Lessons from Typhoon Hagibis
Approximately two weeks ago, we had a big typhoon named Hagibis (Japanese call it 'Typhoon 19') in Japan. The typhoon was so disastrous that people living in coastal area lost their houses and even lives. According to NHK news, the Shinkansen lines (bullet lines) were immersed in flood. Some of them became disused. Indeed, damage was extremely huge.
Typhoon Hagibis was formed around the Mariana Islands on Oct. 6, 2019, moved to Japan (from Okinawa Islands to Kyushu). Then, it devastated Kanto and Fukushima regions on Oct. 12, 2019. Especially, damage in Fukushima was serious because there was Fukushima earthquake and Tsunami in 2011. Again, tragedy was repeated in this region.
I remember many people in Tokyo purchased foods, drinks and other commodities at grocery stores at night on Oct. 11, 2019, to prepare for this big typhoon. However, it seems to me that such preparation was not enough. Rather, I was very curious why people in coastal area did not prepare for inundation. We had at least 5 days to predict the effects of this devastating typhoon. As I always point out, many Japanese people are not good at risk & crisis management. After crisis happens, Japanese people start to look for solutions.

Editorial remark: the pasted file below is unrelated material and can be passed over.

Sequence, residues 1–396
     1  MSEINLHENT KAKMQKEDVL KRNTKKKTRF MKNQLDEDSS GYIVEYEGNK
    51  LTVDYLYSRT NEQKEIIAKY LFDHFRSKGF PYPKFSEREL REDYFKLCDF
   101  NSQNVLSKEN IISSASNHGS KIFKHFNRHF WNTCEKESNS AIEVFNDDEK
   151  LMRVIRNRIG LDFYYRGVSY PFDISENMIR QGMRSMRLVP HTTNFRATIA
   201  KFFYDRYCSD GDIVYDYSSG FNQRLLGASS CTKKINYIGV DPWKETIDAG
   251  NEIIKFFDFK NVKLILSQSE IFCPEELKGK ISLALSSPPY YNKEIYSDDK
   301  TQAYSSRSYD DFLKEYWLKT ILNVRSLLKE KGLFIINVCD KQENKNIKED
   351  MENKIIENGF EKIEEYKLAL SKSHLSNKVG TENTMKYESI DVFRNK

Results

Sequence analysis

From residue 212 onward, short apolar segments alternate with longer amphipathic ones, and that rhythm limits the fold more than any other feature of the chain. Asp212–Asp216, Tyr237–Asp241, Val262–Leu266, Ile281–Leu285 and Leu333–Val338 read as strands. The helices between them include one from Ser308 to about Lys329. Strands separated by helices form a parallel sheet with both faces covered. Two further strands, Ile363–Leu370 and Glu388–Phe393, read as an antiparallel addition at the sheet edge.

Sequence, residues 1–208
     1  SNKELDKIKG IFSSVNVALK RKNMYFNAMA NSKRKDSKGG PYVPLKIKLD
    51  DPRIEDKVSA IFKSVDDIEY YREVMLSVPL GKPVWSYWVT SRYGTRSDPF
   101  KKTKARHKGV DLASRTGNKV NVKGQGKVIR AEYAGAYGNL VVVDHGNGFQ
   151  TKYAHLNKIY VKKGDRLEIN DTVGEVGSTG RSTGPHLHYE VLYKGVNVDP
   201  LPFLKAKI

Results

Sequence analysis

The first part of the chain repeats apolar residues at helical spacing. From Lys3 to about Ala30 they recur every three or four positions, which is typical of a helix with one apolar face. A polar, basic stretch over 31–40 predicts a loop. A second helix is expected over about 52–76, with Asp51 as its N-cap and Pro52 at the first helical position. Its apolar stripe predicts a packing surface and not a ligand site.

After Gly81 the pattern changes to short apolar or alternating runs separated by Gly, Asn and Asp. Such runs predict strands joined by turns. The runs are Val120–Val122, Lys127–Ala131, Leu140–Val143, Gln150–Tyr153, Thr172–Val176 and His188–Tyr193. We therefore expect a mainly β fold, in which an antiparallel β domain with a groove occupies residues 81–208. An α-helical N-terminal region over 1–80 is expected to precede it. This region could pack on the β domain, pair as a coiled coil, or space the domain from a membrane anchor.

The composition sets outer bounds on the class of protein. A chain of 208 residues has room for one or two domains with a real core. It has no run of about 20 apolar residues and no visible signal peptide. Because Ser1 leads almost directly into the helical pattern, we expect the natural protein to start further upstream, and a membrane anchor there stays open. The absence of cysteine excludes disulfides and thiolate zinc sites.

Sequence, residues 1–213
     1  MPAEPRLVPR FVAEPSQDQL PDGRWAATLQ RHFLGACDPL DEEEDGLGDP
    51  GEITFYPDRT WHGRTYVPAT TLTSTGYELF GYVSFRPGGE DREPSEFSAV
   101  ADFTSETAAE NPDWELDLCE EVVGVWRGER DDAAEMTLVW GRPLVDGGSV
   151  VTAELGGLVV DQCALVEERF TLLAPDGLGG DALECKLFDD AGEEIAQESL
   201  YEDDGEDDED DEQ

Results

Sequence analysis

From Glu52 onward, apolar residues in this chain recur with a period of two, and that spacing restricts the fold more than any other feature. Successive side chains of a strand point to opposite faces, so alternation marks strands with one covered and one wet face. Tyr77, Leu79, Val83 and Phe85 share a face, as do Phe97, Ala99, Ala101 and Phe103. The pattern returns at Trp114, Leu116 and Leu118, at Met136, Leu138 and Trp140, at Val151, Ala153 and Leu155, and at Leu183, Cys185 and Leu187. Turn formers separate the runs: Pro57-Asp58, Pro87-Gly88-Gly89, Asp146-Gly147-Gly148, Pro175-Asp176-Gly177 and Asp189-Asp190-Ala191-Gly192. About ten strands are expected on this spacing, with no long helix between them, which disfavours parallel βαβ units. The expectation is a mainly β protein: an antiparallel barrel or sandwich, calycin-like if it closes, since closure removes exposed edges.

The other point I realized was that people in Fukushima did not learn lessons from the past experience. They did not think how they can protect themselves from earthquake and tsunami though they had horrible experience eight years ago. Also, other Japanese living in coastal area should have learned the lessons from Fukushima. As a result, they lost their houses and lives.
Again, my job is to introduce the theories of Naturalistic Decision Making (NDM) to Japanese people. The origin of NDM lies in studies on how fire commanders make their critical decisions under life-threatening conditions. We Japanese need to learn NDM and apply the theories to practice.